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A Lens on the Government

Videographer Hope Hall tapes President Barack Obama working on a document in the Chief of Staff's office in the West Wing of the White House, June 4, 2012. (Official White House Photo by Lawrence Jackson)
Videographer Hope Hall tapes President Barack Obama working on a document in the Chief of Staff's office in the West Wing of the White House, June 4, 2012. (Official White House Photo by Lawrence Jackson)

Oratorical Contest

The Oratorical Contest presents participants with an academic speaking challenge that teaches important leadership qualities, the history of our nation's laws, the ability to think and speak clearly, and an understanding of the duties, responsibilities, rights and privileges of American citizenship. Learn more »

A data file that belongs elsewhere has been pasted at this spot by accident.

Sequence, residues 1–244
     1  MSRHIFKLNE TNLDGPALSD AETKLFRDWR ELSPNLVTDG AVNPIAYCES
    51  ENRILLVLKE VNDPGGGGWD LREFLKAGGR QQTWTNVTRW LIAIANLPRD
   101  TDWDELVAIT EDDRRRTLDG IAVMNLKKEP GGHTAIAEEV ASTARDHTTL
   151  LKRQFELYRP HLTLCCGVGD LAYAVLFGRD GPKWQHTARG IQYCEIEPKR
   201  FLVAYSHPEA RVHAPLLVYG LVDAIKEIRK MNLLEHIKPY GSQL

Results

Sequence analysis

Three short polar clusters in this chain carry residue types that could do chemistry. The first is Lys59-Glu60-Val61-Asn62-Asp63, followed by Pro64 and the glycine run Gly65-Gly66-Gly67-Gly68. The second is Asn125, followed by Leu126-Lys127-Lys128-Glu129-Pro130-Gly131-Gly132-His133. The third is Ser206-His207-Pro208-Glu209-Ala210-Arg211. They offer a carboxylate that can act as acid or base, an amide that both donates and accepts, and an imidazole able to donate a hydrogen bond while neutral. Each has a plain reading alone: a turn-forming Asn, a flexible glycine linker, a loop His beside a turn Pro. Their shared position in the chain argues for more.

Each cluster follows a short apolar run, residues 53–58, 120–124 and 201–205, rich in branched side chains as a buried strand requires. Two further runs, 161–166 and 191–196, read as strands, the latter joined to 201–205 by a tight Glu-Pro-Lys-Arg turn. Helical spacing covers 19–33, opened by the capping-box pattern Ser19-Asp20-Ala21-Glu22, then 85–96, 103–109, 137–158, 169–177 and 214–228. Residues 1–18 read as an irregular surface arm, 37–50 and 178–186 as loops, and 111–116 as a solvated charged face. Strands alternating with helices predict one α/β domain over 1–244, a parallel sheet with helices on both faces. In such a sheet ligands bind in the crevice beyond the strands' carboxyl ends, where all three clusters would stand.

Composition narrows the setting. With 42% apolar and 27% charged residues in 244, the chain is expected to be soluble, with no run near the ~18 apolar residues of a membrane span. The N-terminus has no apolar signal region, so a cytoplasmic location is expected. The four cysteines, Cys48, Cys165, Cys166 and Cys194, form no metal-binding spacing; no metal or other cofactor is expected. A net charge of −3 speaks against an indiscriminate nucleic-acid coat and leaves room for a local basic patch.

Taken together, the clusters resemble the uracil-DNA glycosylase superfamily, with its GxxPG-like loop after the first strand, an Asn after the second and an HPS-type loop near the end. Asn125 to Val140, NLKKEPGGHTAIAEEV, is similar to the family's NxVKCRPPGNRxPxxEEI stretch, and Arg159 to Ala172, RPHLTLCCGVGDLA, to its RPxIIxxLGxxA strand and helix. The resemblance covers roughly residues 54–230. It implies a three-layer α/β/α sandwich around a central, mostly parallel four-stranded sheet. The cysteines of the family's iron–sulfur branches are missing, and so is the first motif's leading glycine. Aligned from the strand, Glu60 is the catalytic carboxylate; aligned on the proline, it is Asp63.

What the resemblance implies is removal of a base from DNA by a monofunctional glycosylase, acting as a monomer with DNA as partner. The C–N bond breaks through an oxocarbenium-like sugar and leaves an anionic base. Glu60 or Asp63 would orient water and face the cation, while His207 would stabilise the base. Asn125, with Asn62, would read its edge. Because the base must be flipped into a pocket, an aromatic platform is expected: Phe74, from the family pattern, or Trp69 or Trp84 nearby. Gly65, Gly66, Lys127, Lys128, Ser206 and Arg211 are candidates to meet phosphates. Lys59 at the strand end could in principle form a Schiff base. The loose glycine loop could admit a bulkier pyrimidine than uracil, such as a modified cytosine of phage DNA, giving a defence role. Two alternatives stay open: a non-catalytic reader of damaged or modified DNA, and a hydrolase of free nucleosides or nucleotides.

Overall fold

Hope Hall is the official videographer for the White House. But before she spent her workdays documenting the daily comings and goings of the president of the United States, she was a successful competitor in The American Legion’s Oratorical Contest. Hall won a competition in her local region in Connecticut in the 1980s, and eventually became a state and regional champion before falling in the national semifinals. She went on to become an award-winning documentary filmmaker, cinematographer and photographer. Since May 2011 she’s been working as President Barack Obama’s personal videographer. But no matter how much time she spends in the Oval Office among dignitaries and heads of state, Hall says she’ll never forget to give credit to the Legion’s Oratorical Contest and the life skills it taught her.

How did you get involved in the Oratorical Contest?